Bobcats trade for Ben Gordon
Hollinger: Names Not Key In Deal
Ben Gordon and Corey Maggette aren't the key pieces in the trade between Charlotte and Detroit. It's about a draft pick and cap relief, writes John Hollinger. Story
Sources told ESPN.com the first-round pick going to Charlotte is lottery-protected in 2013, top-eight protected in 2014, top-one protected in 2015 and unprotected in 2016.
The deal provides significant long-term savings for the Pistons. Maggette is in the last year of his contract that pays him $10.9 million during the 2012-13 season.
Gordon has two years, $25.6 million left on his contract, giving the Pistons a long-term savings of $14 million.
Gordon averaged 12.5 points last season, including a 45-point outing at Denver in which he tied his own NBA record by making nine 3-pointers without a miss. The NBA's Sixth Man of the Year in 2005 with Chicago spent three disappointing seasons in Detroit, averaging 12.4 points.
Maggette was limited to 32 games last season because of injuries, averaging 15 points. The 13-year veteran, in the final year of his contract, has averaged 16.2 points in his career.
For the Bobcats, they get a much needed shooter in their backcourt. In a recent interview after a pre-draft workout, new coach Mike Dunlap told reporters that was the team's biggest need.
"Definitely, shooters," Dunlap said. "The ability to make the 3[-pointer] is really important because it allows you to play inside. What happens [in the absence of quality shooting] is the defense collapses and it gets crowded in there.
"It's always nice to have guys who can shoot a basketball."
"With this trade, we have acquired two things we covet in our plan to build this team," said Bobcats president of basketball operations Rod Higgins. "By acquiring a young and proven talent in Ben Gordon and a future first-round draft pick, we have both addressed our need for three-point shooting and acquired an additional asset to help continue to improve our team in the future."
The Bobcats may not be done dealing. Sources say the team is looking at several other trade options, including trading the No. 2 pick in Thursday night's draft.
The Bobcats are looking to add multiple assets. The team has spoken with several teams, but its talks with the Cleveland Cavaliers have been the most substantive. The Cavs have the Nos. 4, 24, 33 and 34 picks in the draft. If Cleveland is willing to offer both No. 4 and No. 24, it might be able to get a deal done by draft night.
If the Bobcats keep the No. 2 pick, the addition of Gordon may end talk that they'll take Florida's Bradley Beal at No. 2. Beal, like Gordon, is an undersized sharpshooter. Kansas' Thomas Robinson and Kentucky's Michael Kidd-Gilchrist are also in the mix for the Bobcats at No. 2.
This trade won't change the draft focus of the Pistons, however. They are leaning strongly toward taking a big man with the No. 9 pick. UConn center Andre Drummond and North Carolina's John Henson are both getting strong consideration in Detroit, according to sources.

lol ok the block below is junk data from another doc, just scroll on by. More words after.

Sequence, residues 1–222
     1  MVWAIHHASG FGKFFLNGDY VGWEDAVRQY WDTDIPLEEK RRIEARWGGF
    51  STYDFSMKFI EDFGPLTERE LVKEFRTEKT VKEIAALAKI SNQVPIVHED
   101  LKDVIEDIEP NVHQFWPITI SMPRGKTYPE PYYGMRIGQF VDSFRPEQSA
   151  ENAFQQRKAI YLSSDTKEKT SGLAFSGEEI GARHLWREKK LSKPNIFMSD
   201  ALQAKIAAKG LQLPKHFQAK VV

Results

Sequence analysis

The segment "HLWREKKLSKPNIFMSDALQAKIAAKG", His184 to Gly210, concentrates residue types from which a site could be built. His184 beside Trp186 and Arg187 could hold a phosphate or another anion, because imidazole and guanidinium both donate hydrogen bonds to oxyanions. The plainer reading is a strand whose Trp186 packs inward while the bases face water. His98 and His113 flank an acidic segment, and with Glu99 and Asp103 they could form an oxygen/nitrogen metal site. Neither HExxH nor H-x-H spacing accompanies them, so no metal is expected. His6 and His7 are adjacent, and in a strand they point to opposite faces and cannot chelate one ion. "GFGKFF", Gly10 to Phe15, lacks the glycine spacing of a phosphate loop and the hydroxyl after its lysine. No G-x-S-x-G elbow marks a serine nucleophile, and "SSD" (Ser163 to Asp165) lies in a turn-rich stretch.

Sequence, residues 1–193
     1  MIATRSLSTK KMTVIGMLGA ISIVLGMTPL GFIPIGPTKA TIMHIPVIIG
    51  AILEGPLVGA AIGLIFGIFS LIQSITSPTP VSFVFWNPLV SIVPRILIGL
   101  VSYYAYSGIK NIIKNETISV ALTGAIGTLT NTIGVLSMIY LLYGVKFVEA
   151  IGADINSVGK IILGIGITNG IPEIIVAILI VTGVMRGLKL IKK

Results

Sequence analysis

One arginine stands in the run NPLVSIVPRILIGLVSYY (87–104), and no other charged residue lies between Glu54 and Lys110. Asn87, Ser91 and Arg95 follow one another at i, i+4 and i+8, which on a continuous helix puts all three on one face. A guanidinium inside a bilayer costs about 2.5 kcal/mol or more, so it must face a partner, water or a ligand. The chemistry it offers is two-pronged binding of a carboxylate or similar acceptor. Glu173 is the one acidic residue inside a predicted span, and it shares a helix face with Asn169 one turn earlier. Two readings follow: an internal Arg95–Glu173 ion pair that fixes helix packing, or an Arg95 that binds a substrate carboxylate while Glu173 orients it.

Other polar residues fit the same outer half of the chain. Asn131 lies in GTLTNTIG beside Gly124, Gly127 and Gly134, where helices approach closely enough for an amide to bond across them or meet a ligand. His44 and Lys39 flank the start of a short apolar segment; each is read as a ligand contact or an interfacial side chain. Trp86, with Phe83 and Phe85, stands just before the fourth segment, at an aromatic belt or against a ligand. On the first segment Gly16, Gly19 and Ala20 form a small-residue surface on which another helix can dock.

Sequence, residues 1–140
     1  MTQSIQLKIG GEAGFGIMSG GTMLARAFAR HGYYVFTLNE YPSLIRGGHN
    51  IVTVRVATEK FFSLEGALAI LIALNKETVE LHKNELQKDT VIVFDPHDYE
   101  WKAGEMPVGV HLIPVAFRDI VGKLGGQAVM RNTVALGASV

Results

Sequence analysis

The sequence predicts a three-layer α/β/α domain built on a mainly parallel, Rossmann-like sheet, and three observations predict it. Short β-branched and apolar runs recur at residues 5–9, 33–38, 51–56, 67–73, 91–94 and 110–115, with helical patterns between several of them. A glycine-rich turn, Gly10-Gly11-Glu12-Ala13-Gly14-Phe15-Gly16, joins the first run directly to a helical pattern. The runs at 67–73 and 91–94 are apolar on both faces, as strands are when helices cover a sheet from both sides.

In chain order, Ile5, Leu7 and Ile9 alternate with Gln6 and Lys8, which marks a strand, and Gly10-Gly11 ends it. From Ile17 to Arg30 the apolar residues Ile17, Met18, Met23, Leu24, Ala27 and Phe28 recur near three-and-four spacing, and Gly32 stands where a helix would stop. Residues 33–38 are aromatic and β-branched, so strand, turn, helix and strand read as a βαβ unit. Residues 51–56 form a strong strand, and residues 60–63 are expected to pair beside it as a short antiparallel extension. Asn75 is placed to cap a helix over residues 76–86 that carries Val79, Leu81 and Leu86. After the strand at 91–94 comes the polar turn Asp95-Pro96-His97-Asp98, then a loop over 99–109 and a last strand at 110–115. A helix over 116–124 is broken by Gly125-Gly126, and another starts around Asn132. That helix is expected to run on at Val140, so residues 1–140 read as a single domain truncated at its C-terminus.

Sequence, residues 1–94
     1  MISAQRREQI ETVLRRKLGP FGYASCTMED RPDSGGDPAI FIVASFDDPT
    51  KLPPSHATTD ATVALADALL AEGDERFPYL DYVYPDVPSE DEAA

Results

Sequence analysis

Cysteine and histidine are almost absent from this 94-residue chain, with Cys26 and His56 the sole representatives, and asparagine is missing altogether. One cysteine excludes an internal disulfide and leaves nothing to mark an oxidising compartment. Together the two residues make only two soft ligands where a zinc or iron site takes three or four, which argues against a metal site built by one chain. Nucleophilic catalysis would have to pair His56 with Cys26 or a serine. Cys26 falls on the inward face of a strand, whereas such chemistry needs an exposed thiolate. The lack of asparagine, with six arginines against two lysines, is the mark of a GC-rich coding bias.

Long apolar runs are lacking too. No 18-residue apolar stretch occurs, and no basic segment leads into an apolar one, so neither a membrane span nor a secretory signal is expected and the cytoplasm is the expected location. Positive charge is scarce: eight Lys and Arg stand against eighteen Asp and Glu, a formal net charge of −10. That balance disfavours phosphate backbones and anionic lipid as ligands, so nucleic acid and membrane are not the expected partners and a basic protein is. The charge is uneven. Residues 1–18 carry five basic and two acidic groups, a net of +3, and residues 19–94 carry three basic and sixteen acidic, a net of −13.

An eight-year NBA veteran, Gordon has played in 594 career NBA games for the Bulls and Pistons, with averages of 16.5 points, 2.8 assists and 2.7 rebounds in 29.9 minutes per game.
He has shot 43.6 percent from the field and 40.6 percent from beyond the 3-point line. He's an 86 percent career free throw shooter. His career 3-point percentage currently ranks 12th among active players and 21st in NBA history, while his career free throw percentage ranks 10th among active players and 31st all-time.
The 6-foot-3 Gordon was initially selected by the Bulls out of Connecticut with the third overall pick in the 2004 NBA Draft. He signed with the Pistons during the 2009 offseason, part of a makeover that also included the addition of Charlie Villanueva. Detroit has not made the playoffs since then, and Gordon hasn't come close to the 20.7-point average of his final season in Chicago.
By acquiring a young and proven talent in Ben Gordon and a future first-round draft pick, we have both addressed our need for three-point shooting and acquired an additional asset to help continue to improve our team in the future.” -- Bobcats president of basketball
operations Rod Higgins
The Pistons are now rebuilding around young players like Greg Monroe and Brandon Knight. They cut ties with Richard Hamilton before last season, and now Gordon leaves after starting only 21 games in 2011-12.
Those two departures leave Detroit with a bit less of a logjam on the perimeter. Knight was drafted in the first round last year, and with Rodney Stuckey also in the backcourt, Gordon came off the bench more often than not last season.
Maggette was acquired by the Bobcats on June 23, 2011, as part of a three-team trade in which the Bobcats received Maggette from Milwaukee and the draft rights to Bismack Biyombo from Sacramento, in exchange for sending Stephen Jackson, Shaun Livingston and the draft rights to Tobias Harris to Milwaukee.
Gordon was slated to earn base $12.4 million next season and $13.2 million in 2013-14, which immediately makes him the highest-paid player on the Bobcats roster.
Information from The Associated Press was used in this report.
MORE NBA HEADLINES
- Sources: Rockets get G Brewer from Wolves
- With Rondo, Mavs players like their chances
- Durant sprains ankle in career-best first half
- Mavs confident as can be about keeping Rondo